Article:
Finding Faith at the Barre

Finding Faith at the Barre

Jul 7, 2019
Susan Hynes

“God moves in a mysterious way His wonders to perform.” I think of this famous opening line from the poem by William Cowper, every time something surprising happens to me. Recently, I was overcome with the feeling of finding faith in the oddest of spots, a Pure Barre exercise class, actually six days a week exercise class. But first, a little background.

My mother died at the age of 69, way too early by today’s standards. She wasn’t sick, but she wasn’t well, either. She had lost her faith in life as she discovered she was no longer young. For decades my extremely accomplished mother had been two things, a corporate executive well ahead of her time and an alcoholic. The alcohol, accompanied by chain-smoking, wrecked her health. She wasn’t dying of anything, but as I said she wasn’t well. The work part was more disheartening. My mother defined herself not as a mother, grandmother, and wife, but as an executive. When she was no longer sought after for important jobs, she lost her interest in living. She didn’t commit suicide; she just drifted away in her sleep.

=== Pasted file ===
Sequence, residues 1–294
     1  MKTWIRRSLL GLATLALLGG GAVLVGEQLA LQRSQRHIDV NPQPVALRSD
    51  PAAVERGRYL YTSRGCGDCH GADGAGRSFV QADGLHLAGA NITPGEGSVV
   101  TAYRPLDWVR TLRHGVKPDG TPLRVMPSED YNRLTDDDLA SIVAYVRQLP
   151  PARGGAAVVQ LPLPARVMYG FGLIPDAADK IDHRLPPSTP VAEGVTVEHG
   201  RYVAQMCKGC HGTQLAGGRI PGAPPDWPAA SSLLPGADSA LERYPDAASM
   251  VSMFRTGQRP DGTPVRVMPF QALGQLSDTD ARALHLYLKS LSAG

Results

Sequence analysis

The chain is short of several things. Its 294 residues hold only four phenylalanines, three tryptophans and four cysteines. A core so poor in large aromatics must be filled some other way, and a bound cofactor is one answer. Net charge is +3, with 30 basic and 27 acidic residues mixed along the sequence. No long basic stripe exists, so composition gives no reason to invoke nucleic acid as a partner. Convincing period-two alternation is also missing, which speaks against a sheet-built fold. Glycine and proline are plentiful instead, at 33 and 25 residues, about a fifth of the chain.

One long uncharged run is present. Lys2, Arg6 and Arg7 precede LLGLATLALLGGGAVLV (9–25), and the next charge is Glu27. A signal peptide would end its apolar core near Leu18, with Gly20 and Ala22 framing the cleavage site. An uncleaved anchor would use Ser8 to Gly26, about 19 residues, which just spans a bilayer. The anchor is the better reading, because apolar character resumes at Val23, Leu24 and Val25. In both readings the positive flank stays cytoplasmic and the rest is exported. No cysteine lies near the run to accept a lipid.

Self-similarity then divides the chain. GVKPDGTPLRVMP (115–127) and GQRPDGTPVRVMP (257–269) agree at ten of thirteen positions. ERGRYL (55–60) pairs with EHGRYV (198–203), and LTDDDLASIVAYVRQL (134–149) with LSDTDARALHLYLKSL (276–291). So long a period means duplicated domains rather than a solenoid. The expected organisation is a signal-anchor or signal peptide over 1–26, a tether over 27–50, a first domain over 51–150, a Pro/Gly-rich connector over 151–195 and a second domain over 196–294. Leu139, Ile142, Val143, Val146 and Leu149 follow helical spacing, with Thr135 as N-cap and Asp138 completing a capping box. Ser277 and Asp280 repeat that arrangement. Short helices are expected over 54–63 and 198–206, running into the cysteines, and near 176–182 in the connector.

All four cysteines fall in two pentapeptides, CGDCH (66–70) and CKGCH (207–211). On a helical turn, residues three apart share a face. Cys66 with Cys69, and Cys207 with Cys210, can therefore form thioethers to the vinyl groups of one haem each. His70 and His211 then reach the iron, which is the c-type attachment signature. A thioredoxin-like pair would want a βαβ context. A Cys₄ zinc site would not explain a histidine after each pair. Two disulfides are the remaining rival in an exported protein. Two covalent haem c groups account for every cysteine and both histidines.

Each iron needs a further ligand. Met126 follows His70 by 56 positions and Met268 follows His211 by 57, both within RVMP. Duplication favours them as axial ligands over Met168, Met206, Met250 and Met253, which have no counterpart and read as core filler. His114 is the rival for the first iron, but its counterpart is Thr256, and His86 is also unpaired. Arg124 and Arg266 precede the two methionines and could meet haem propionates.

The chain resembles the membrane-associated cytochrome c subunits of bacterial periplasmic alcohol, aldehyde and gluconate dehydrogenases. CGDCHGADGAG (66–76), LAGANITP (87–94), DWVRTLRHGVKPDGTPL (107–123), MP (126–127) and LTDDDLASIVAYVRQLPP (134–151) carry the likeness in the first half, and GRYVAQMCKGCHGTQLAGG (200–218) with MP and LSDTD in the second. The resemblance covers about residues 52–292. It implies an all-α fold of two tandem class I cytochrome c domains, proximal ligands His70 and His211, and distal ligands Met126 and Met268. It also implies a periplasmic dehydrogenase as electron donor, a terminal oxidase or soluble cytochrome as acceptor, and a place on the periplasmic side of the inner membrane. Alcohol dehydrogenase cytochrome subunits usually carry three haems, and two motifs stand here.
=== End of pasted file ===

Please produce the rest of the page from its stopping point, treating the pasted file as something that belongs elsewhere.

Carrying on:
My mother was also an Episcopalian to the core. She was an Episcopalian just like she was a Republican, life-long without much thought about why she just was. Her loss of faith wasn’t related to the Episcopal Church, but it was related to the fact that the Episcopal Church couldn’t provide her with a sense of faith. Her faith and the church were not related. While she loved the ritual, it never occurred to her to love the spirit found in that ritual, which leads me to the Barre.

When I turned 69, I spent a lot of days in panic. Was I going to follow in my mother’s footsteps? I too, had been a high-ranking female executive. I had been a smoker at one point, was sufficiently overweight, and I was concerned. As I have mentioned elsewhere on this site, I was not the happiest of people. My 69th year was filled with battles of depression and anxiety, and I must confess, I wasn’t focused on faith as a way of coping. Then the miracle happened.

In October of my 69th year, I visited one of my daughters in Washington, DC. This daughter, I suspect, never thought of me as being old; instead, she suggested I go with her to a bar(re) class and then to brunch. This casual suggestion of a mother-daughter outing changed my life. I loved the class, and I was thrilled that I could do the exercises. Anyone who has done a bar(re) class knows how strenuous and fast-paced it is. It was such a high for me that the minute I returned home I found a studio, in this case a Pure Barre studio, and went nuts. Soon I was doing six classes a week, and on three days, I did double workouts. Miracle #2 came with an improved sense of well-being. In approximately six months, I lost 30 pounds and the best part was all of my clothes were too big! I added the NOOM app for nutrition and intellectual guidance on living thinner and better. I was unstoppable.